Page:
Monday, October 12, 2009

SSD in a low-end netbook

Netbooks tend to live a hard life. They're used in moving cars, they spend a lot of time banging around in backpacks, and so forth. Early netbooks like the Asus eee that practically defined the category used Linux and a small flash memory chip. This dealt quite well with the problem of durability -- flash memory chips don't care about vibration (at least, not about levels of vibration that wouldn't utterly disintegrate the whole computer) and The problem is that people want to use their netbooks to view multimedia content, and Linux is woefully inadequate in that area due to the fact that Linux users today are either utter geeks (parodied in this Xkcd comic) or are using it for servers where multimedia is not an issue (other than serving it via a web server). So netbooks have moved to using Windows XP rather than Linux.

The problem is that Windows XP does not run well off of the slow flash memory chips included with first-generation netbooks, thus netbooks have moved towards the cheapest hard drives available. Unfortunately this brings two problems: 1) those hard drives are still painfully slow compared to current state-of-the-art hard drives, and 2) those hard drives have the same vibration sensitivity and G sensitivity of all hard drives, making them a poor fit for netbooks.

The solution would be a high-speed SSD drive. They perform much better than low-end hard drives, and the only vibration or G forces that could destroy them would turn the entire netbook into a pile of shards. The problem is that SSD's were typically expensive. Until now: 64GB SSD for $150, in this case a Kingston SSDNow V-Series.

64GB doesn't sound like a lot of storage, but I examined the hard drive on my Acer Aspire One netbook and discovered that I was using a whole 20GB of hard drive space. I think my usage of the netbook is probably typical of most people's usage of a netbook -- Internet browsing and light word processing. These aren't computers that you buy to do video processing or music recording, they don't have the CPU horsepower for that, but they're perfectly acceptable for Internet browsing. When I'm bouncing around in my Jeep on field expeditions I don't want to haul around my expensive Macbook Pro, I want something small and durable for doing quick email checks whenever I get near civilization, and the Aspire One suffices for that. Except for the hard drive issue.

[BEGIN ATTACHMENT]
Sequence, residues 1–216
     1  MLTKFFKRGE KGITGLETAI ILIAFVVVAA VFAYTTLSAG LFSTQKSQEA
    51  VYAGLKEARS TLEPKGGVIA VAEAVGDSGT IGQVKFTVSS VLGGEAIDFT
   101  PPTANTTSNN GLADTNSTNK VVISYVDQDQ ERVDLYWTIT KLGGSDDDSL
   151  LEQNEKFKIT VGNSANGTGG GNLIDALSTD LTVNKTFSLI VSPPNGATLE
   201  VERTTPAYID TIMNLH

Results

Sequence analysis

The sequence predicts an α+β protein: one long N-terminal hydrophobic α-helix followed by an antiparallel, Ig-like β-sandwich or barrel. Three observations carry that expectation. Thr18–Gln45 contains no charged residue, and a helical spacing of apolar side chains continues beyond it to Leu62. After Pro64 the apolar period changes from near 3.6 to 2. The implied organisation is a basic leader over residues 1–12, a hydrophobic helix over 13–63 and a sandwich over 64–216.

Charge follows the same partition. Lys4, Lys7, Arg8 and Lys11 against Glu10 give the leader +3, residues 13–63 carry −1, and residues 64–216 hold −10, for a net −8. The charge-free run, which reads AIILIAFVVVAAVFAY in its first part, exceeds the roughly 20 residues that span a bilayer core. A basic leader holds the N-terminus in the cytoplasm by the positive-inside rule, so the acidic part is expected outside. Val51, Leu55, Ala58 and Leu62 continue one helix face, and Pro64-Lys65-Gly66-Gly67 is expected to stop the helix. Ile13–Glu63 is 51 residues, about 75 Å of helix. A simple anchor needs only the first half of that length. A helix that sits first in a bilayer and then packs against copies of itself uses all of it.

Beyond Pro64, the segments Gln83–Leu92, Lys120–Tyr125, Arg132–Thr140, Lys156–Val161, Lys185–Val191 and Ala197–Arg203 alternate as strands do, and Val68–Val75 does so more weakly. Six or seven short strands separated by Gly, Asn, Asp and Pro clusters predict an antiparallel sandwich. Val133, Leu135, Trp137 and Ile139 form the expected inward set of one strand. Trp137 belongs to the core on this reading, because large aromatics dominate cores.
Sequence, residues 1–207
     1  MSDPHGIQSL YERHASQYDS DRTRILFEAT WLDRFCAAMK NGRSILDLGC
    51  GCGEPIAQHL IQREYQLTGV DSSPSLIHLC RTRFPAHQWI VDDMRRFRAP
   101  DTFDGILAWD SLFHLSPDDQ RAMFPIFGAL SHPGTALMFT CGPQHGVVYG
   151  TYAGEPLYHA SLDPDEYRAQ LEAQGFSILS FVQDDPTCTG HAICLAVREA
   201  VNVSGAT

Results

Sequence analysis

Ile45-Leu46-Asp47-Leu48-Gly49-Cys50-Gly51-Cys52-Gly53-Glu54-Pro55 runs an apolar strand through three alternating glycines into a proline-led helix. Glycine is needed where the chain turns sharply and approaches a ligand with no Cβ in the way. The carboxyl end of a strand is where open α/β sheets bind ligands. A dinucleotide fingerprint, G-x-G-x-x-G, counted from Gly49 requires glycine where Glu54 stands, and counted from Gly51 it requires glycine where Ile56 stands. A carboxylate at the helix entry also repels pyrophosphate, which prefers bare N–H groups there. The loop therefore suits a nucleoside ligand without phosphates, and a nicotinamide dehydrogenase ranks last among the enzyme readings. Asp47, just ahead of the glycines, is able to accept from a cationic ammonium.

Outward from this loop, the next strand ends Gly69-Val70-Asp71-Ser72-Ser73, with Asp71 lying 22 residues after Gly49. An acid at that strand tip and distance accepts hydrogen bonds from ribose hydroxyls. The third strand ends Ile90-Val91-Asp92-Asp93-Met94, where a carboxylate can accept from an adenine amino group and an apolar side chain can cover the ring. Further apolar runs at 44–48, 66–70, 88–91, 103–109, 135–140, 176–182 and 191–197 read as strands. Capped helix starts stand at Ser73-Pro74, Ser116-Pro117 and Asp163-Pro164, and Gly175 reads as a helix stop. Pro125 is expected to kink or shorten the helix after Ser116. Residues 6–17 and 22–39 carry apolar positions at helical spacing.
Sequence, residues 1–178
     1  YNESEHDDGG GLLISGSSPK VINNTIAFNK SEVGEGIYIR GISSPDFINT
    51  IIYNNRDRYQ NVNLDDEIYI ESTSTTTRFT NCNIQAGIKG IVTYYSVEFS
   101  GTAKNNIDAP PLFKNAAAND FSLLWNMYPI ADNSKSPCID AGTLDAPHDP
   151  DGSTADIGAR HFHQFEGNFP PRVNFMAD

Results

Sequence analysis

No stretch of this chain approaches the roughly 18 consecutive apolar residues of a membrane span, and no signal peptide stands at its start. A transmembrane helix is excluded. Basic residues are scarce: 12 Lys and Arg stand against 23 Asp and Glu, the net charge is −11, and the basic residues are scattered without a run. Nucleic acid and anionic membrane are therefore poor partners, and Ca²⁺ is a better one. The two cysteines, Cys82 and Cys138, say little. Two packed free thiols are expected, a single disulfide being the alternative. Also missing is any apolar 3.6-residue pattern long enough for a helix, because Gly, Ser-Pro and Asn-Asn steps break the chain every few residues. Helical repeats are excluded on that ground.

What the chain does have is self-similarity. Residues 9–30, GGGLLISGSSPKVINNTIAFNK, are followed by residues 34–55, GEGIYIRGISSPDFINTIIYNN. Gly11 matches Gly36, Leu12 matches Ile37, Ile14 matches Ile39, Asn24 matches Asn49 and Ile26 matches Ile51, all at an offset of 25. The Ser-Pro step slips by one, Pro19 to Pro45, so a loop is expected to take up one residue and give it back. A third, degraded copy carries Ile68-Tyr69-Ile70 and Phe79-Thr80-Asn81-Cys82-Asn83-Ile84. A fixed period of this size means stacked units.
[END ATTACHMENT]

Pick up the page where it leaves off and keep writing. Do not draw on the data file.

Thus I purchased the above SSD and installed it in my Aspire One. I had previously purchased the disk imaging CD/DVD set from Acer to allow re-imaging my netbook when the hard drive failed (note the "when", not "if" -- netbooks live hard lives), and it installed fine onto the SSD. The results have been gratifying. Performance is much better than with the low-end hard drive, and the durability is excellent. The second-generation SSD's have now conquered the stuttering problems that plagued the first-generation SSD's, at least for applications such as netbooks where large writes are rare -- I have never encountered stuttering problems.

What does this mean for the future? It means yet more low-power energy-efficient netbooks, perhaps higher in price than current netbooks but with better durability and performance. Netbooks will be relegated to the long-battery-life small-storage-capacity category rather than being marketed based on low performance and low price. You will start seeing some netbooks in the $700 range, around the same as a "real" notebook, assuming that sufficient performance can be obtained to justify that price. The question is whether Intel will deliberately cripple their Pineview follow-on to the current Atom processors the way they currently cripple it by forcing netbook makers to use the antiquated high-power-use 945 chipset, which has atrocious graphics performance (i.e., cannot even play HD videos from YouTube without stuttering, which is a major problem given that many people buy these things to browse Internet multimedia content). If they do, expect rival chips from AMD and VIA to gain popularity, albeit not with major vendors due to Intel's anti-competitive behavior of charging vendors more for chips if computer vendors use a rival's chips for more than 5% of their shipping computers. Given that there are major markets where Intel's chips are the only available chips, this clearly is going to limit how many jump ship to AMD and VIA. But if Intel can't deliver the performance that people want, somebody will jump ship to AMD or VIA, even if it isn't Dell or HP...


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